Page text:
The mechanism of NFCI is poorly understood. Reduced control of circulation and damage to the microcirculation are characteristic. Although some authorities consider the cause to be only prolonged vasoconstriction, others think it likely to be more complex. There is evidence suggesting that extent and severity of tissue damage is due to a combination of temperature and duration, and that repeated exposures may cause more damage than a single longer exposure. Damage to nerves and to the microvascular blood supply of nerves may be reversible or irreversible. The duration of a single exposure at a given temperature that is likely to cause NFCI is not known, and the quantitative effects of multiple exposures are similarly unclear. The presence of a wet environment appears to be important, and immobility and malnutrition appear to be contributory. Experimental evidence suggests a complex mode of injury with microvascular disruption, cyclic ischaemia, reperfusion injury and direct damage to nerves due to cold. Large, myelinated nerve fibres appear to be more susceptible.
Tissue loss may occur in severe cases, but is thought to be caused by pressure injury, with or without compartment syndrome, and mechanical injury, and not by the cold.
It can be difficult to distinguish FCI from NFCI and to assess the degree of injury during initial examination, as both types of local cold injury can occur on the same limb, and deep tissue damage may take weeks to manifest. Frostbite can be ruled out if there was no exposure to temperatures several degrees below freezing.
NFCI can occur in situations where decompression sickness is possible in underwater diving in cold water, and in situations where hand-arm vibration syndrome is possible in outdoor work with machinery such as chainsaws and jackhammers in cold climates, which can complicate differential diagnosis.
In underwater diving diagnosis is complicated by a significant overlap of symptoms between decompression sickness and NFCI. The symptoms of decompression sickness with a peripheral neuropathy (such as pain and numbness) may be similar to NFCI. Both conditions are caused by environmental exposure, and there are no high sensitivity and specifity diagnostic tests for either condition. Diagnosis may rely on dive history, particularly water temperature, though the quality of insulation and fit of the suit will have an influence on perfusion and heat loss. Definitive treatment for DCS is hyperbaric oxygen therapy, which is expensive, but unlikely to aggravate NFCI, and first aid provision of 100% oxygen for suspected DCS is relatively inexpensive, often available and will do no harm, whereas over-warming of a case of DCS may cause bubble growth and aggravate the condition.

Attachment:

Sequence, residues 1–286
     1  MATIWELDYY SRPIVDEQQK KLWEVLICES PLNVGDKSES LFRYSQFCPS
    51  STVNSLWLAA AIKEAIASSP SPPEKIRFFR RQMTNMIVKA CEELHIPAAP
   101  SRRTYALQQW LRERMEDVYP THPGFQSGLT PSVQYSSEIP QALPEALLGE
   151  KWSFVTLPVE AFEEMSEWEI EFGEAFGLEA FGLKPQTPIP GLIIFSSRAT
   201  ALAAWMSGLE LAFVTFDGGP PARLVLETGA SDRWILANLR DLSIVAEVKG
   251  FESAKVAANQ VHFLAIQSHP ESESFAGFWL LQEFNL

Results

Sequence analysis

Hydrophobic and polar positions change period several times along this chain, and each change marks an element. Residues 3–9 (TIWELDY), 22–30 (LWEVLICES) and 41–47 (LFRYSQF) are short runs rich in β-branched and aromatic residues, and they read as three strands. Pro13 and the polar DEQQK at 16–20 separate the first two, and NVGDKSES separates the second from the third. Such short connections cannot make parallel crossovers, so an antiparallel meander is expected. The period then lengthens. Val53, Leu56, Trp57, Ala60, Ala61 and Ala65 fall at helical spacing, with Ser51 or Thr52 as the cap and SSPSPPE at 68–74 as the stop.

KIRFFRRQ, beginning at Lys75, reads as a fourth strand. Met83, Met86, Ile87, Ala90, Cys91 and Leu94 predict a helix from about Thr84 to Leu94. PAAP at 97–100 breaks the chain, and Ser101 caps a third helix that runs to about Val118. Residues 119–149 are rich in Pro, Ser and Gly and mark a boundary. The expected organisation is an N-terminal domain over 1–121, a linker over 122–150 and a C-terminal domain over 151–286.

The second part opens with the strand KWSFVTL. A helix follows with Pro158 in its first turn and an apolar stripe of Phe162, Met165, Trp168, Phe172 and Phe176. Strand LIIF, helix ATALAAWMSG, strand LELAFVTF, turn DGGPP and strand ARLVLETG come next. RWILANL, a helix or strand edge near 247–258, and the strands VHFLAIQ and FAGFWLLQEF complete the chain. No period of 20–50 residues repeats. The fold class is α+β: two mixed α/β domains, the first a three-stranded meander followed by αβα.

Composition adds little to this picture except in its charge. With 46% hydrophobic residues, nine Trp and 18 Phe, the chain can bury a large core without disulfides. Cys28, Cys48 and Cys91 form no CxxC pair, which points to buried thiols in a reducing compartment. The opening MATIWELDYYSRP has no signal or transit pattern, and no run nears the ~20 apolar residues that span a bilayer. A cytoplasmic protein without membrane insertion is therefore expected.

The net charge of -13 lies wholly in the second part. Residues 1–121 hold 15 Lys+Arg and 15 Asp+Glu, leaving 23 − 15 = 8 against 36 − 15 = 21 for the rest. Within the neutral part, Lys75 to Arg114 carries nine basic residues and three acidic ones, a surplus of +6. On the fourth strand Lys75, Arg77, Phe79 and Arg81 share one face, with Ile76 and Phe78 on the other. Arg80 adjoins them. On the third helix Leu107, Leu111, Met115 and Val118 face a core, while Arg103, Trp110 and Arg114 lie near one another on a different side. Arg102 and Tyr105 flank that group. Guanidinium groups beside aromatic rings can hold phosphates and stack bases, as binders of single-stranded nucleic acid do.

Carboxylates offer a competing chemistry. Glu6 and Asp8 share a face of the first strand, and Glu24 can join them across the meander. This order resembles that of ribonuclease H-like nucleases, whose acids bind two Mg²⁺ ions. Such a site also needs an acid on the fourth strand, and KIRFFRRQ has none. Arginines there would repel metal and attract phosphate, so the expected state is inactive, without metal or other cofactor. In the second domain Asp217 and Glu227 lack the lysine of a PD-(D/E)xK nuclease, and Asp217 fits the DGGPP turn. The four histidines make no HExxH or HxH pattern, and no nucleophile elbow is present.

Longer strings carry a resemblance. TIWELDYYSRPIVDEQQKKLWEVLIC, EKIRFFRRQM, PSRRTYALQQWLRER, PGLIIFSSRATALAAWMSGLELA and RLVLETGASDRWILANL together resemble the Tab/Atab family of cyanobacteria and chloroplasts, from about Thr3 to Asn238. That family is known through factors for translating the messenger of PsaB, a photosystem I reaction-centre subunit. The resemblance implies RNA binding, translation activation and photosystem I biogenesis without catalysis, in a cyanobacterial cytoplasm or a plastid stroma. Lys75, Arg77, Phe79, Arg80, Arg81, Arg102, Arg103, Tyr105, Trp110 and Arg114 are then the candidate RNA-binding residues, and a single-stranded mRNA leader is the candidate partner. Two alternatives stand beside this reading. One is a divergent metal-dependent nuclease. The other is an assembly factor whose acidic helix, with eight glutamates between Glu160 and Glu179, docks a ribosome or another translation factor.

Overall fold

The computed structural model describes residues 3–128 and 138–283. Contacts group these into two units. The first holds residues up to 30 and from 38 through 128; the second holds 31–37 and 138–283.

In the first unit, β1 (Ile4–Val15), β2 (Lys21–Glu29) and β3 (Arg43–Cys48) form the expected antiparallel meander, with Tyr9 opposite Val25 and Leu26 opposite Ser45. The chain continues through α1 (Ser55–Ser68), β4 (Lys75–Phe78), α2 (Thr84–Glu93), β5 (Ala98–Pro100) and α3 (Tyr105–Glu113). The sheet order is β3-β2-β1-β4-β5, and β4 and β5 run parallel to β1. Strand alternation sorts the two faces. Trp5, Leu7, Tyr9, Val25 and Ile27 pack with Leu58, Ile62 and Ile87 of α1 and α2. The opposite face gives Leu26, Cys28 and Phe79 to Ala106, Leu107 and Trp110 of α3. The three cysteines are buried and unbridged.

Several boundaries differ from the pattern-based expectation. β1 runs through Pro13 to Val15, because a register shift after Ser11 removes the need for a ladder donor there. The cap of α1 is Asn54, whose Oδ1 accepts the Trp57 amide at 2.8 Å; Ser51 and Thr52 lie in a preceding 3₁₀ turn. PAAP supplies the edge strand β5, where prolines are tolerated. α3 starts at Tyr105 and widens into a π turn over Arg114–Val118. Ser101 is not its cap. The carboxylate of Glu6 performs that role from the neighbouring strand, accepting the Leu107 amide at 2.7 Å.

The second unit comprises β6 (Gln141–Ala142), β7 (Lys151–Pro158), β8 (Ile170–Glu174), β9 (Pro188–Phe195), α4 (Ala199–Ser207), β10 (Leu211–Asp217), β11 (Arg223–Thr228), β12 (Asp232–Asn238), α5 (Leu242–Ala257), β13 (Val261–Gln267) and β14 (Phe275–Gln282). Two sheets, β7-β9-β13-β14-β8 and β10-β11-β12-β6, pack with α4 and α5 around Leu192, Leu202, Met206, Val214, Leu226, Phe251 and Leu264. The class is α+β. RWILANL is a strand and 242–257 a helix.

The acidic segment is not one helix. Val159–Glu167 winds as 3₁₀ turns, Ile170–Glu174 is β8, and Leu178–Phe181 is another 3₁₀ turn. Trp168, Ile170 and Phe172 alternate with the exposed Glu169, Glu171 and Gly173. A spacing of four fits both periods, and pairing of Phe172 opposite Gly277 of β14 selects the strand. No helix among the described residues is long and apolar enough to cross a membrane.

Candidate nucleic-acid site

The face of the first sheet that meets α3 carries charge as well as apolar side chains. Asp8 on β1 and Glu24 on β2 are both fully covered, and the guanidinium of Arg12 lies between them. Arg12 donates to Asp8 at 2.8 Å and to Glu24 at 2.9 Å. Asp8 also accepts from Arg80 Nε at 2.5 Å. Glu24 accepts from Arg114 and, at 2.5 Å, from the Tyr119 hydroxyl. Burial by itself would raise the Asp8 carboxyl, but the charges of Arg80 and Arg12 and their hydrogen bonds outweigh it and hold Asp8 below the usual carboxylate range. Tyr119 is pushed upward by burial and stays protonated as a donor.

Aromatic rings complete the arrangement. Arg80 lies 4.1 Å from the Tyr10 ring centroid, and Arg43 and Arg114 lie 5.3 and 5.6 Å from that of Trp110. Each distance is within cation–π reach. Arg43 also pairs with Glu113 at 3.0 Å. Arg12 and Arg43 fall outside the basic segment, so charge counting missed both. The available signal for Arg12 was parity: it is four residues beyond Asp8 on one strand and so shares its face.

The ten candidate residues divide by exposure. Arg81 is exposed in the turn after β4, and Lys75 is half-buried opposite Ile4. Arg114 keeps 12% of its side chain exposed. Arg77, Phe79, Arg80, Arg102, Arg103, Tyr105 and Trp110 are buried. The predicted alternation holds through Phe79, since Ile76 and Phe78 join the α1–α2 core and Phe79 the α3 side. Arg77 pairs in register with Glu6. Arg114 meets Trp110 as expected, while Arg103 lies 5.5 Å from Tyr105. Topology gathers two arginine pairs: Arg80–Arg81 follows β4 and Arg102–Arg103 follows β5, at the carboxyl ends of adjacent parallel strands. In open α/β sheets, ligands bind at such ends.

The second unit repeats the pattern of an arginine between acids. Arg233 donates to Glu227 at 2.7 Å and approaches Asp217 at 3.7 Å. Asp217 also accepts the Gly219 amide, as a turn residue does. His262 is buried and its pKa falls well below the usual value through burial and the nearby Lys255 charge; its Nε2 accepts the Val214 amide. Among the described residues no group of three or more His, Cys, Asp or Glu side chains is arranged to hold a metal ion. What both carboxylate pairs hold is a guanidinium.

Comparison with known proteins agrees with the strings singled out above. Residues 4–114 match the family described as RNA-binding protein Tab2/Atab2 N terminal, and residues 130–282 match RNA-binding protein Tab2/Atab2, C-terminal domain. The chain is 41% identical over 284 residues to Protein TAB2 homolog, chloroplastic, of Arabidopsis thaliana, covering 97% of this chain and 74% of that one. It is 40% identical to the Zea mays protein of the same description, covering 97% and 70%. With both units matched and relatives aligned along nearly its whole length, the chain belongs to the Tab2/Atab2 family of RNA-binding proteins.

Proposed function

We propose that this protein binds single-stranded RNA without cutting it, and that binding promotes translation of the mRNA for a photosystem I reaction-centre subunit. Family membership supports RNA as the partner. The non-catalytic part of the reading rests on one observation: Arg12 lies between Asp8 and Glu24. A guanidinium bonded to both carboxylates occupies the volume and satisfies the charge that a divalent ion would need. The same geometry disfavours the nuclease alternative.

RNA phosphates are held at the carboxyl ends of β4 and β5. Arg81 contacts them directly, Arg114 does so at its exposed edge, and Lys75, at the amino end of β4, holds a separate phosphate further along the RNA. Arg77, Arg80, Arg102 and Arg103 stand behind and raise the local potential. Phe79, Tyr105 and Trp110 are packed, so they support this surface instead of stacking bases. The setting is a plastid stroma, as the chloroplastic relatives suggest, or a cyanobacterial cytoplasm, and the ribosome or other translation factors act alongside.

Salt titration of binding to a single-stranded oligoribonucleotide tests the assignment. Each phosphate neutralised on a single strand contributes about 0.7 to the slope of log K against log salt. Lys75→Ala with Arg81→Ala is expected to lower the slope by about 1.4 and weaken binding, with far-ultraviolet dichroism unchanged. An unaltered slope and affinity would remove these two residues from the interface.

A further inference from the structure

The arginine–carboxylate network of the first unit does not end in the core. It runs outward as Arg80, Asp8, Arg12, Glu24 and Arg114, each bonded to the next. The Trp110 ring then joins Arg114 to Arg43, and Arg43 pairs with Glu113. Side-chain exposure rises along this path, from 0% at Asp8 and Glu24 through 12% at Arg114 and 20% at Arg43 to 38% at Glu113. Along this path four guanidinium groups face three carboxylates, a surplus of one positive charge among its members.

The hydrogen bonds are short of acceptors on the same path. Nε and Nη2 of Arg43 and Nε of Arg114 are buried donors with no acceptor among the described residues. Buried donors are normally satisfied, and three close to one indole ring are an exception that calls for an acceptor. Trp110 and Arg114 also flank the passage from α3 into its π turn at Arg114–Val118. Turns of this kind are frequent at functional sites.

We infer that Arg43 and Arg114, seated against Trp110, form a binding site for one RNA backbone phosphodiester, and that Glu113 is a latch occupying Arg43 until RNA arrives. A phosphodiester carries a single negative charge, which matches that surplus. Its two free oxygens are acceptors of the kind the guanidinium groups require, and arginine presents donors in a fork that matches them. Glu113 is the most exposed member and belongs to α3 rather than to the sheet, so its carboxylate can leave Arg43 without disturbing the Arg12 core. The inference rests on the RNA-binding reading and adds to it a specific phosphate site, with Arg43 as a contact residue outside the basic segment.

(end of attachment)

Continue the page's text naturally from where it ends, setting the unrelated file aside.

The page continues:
Treatment should prioritise systemic cold injury, as it may be immediately life-threatening, then freezing cold injury, followed by non-freezing cold injury where combinations occur.
In cases of isolated NFCI the extremities should be allowed to rewarm gradually with rest and elevation of the affected limbs. Rapid rewarming will increase pain and edema. Air drying is preferred.
Persistent symptoms including increased sensitivity to cold can continue long after the original injury, and may have long term psychological and financial effects, and are the basis of a significant number of military legal claims.
Cold injuries have long been recognised as a military problem. Early descriptions were recorded by Napoleon's chief surgeon, Dominique Jean Larrey. Trench foot was a major problem in World War I, and millions of man–days of were lost in World War II to cold injury. Both Argentinian and British troops reported cold injuries in the Falklands campaign. In civilians, those affected include homeless people and the urban poor, wilderness enthusiasts and mountaineers, and people taking part in winter sports. It is often also associated with psychiatric illness and drug and alcohol abuse, and occasionally with underwater diving.
Other cold-related conditions: